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I AM: The blank wall in city hall

In 1940, George Snow Hill, painter and muralist for the Federal Art Project, a New Deal program, was commissioned by the federal government and the City of St. Petersburg for two 7 x 10 feet murals to be hung in the grand staircase in city hall. Hill’s Depression-era Works Progress Administration art is noted by some to provide a community record.

Working mostly during the New Deal era, Hill was commissioned to paint five murals for the Pinellas County Courthouse (some of which were considered indecent and even lewd because they depicted women in swimsuits). His other murals can be found at the Bayboro Harbor Coast Guard station, airports, and several post offices throughout Florida and Alabama, including one painted for the 1933 Chicago’s World’s Fair (later hung at the Florida Capitol).

According to a March 25, 1945, article in the St. Petersburg Times, Hill had been commissioned to paint murals featuring scenes of contemporary St. Petersburg, scheduled to be placed in city hall. One of the murals was a scene at the Million Dollar Pier and the other a scene of black troubadours (musicians) entertaining white picnickers at the beach.

The mural of the picnic scene was a caricature of black musicians depicting them as happy-go-lucky, with huge pink lips, and strumming banjos. The mural, which also included watermelons, was considered by many in the black community as denigrating and racist in nature.

More than 20 years later, on Dec. 15, 1966, the Times printed the article “Negro Group Finds Mural Despicable.” The article reports of a letter sent to Mayor Herman Goldner by the Student Nonviolent Coordinating Committee asking for the mural to be removed or changed.

Goldner’s response was, “I must admit that I have looked at this mural for the past 10 years with nothing but admiration. I find nothing offensive in the portrayal of the troubadours and picnickers at Pass-a-Grill Beach.” He went on to say, “I think that all minority groups must mature in the point where self-consciousness is not a motivating factor for complaints.”

On Dec. 29, 1966, Joseph Waller – now known as Omali Yeshitela — stripped the mural from the wall as he was leaving the building. He was arrested and charged with felony theft and spent at least 22 months in prison.

Thirty years later, during extensive renovations to city hall, city council members agreed to spend $50,000 to commission two landscape murals by Tarpon Springs artist Christopher Stills to be hung in the staircase. On July 18, 1998, the Times published the article “Need Mural to Grace City Hall’s Blank Wall Again.”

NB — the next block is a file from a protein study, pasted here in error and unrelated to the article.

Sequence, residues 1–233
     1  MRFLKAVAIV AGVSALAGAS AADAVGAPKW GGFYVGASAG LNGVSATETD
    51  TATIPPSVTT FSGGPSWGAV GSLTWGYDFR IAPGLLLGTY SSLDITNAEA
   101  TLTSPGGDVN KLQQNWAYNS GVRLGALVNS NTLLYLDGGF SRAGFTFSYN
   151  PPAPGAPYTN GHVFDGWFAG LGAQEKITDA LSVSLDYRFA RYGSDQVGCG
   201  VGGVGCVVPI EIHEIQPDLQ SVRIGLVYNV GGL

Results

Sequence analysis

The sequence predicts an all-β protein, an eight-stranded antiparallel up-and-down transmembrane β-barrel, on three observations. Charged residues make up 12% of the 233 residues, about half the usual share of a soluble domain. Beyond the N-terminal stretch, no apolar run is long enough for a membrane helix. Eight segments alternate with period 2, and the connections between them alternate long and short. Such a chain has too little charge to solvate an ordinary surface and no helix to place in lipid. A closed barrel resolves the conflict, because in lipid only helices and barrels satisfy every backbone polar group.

In a letter dated Aug. 10, 1998, the newly formed Concerned Citizens Action Committee sent a letter to Mayor David Fischer regarding the proposed murals and requested to appear before city council on Sept. 10.

On Sept. 10, council resolved to refer the issue to the Public Arts Commission. Councilmembers Kathleen Ford and Ernest Fillyau proposed a resolution that the city council be requested to organize a ceremony to dedicate the new art to be installed in city hall and to issue a public apology to the community. The resolution also requested that the city’s legal department investigate the process to restore Omali Yeshitela’s civil rights.

Nearly 34 years after his arrest, Yeshitela’s rights were restored by Gov. Bush and the Cabinet in 2000.

On Sept. 11, 1998, the commission was unanimous in its recommendation to council to place the Stills murals in council chambers, keep the Hill mural on the north side of the staircase in place, and the wall on the south side of the staircase should be devoid of any artwork. On Nov. 12, 1998, council passed Resolution NO. 98-651 regarding the placement of the Stills murals.

Years passed, and on Aug. 18, 2015, the City Hall Stairwell Mural Project Committee was formed to revisit the issue of the blank wall in city hall and to commemorate the 50th anniversary of the removal of the mural. The Project Committee issued a Request for Proposal seeking “Art that will respect the history of the events surrounding the tearing down of the original mural and that will celebrate a city of opportunity for all.”

The project budget was $50,000, and the deadline for applications was set as Oct. 3, 2016. The work of the Project Committee ended in June 2017, and the city council once again voted to leave the wall blank.

The wall remains blank, and more importantly, absent of a plaque commemorating the event that ignited the civil rights movement in St. Petersburg.

Our stories are beautiful, complicated, and messy, but our stories matter, and they must be told. Around the country and throughout the world, stories are being remembered, and histories are being preserved.

From the Legacy Museum and National Peace and Justice Memorial in Montgomery, Ala., to the National Museum of African American History and Culture in Washington, D.C., to the identification of homes from which Jewish families were sent to death camps in Germany to our own African American Heritage Trail in St. Pete — history is being honored and preserved.

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